Artist Jenna Oldaker on the meaning behind Gobata Kinkinbil (Take Care of People)
Jenna outlines the symbolism and meaning of her beautiful artwork for Philanthropy Australia’s Reflect RAP, which will be launched in the coming weeks.
This artwork is a celebration of community and connection, as we all come together as one. Our ancestors and Elders travelled these same lands sharing their culture, sharing their stories and ideas, and it is now our responsibility to take care of and nurture our Country home.
The top right-hand corner of the artwork illustrates our beautiful sun rising high in the sky, providing the land and its people with a vital source of life. The sun is connected all the other elements of the artwork, illustrating how we all rely on the sun for warmth, healing and light. The pink, golden sun rising high above the land holds the spirits, knowledge and stories of our past and present Elders, while below is our homeland. The colours depict the ochre that comes from our land Country.
Running through the centre of the artwork is the blue of our water Country, including our coastal Country, rivers and wetlands. The flowing water is also symbolic of our journey together as we all travel on Country as one in unity.
In the top left-hand corner of the artwork is the symbol for meeting place, a place where we can all gather together to yarn and share stories. Within the centre of the meeting place is the symbol for people/person, recognising the significance of all the people within our community, and those who have shaped who we are. The central meeting place is connected to all other elements through journey lines – symbolising our connection to not only one another, but also our land Country, the community, our culture and our heritage.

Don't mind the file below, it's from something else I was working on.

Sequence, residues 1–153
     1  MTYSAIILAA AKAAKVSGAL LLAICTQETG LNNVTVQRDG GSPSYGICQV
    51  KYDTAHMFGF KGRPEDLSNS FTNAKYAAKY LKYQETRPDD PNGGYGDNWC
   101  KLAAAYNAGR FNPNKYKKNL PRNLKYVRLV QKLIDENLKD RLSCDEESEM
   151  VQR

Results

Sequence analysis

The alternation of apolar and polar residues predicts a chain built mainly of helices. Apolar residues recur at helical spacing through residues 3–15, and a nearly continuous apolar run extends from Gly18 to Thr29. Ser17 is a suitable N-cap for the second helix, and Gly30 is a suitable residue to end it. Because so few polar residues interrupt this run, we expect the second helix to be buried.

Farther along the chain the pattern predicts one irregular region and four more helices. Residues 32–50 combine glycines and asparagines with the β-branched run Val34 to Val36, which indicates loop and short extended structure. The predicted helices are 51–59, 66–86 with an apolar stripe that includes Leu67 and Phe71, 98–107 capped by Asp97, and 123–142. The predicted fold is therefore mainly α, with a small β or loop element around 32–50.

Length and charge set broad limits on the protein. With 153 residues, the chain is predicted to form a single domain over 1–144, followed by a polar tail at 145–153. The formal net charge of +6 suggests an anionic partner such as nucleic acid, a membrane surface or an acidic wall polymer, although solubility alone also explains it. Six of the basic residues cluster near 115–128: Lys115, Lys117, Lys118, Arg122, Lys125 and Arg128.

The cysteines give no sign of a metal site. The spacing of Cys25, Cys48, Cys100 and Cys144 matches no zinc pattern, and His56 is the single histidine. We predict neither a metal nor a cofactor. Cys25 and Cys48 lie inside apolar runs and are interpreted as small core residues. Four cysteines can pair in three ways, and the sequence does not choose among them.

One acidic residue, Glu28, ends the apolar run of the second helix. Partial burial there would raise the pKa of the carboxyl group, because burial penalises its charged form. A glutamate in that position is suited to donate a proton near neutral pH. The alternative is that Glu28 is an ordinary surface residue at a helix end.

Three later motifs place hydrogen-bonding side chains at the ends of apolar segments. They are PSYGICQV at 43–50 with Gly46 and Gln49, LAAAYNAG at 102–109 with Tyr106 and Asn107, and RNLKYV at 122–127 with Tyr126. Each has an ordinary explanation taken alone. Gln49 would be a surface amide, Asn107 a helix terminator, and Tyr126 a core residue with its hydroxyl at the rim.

The traditional ‘∩’ shapes represent people on Wadawurrung Country, as they move around the tracks weaving back and forth across the land sharing their stories, history and culture. The eucalyptus leaves symbolise our land Country and all our beautiful native Australian fauna.
Surrounding the eucalyptus leaves, is the symbol for ‘stars’, a representation of our Elders and their spirits surrounding us, providing guidance, wisdom and strength.
Near the centre of the artwork is the symbol for meeting place/yarn circle representing our community coming together as one in unity. The connected journey lines are also symbolic of our cultural, spiritual and community continuity – how we must continue to look after one another and our land, in order for the land and community to continue to provide and care for us.
As we have cared for this land for thousands of years, the Country has reciprocated and cared for us providing healthy and nourished land and water, allowing us to create new life and spirit.
Nyatne (Thank You)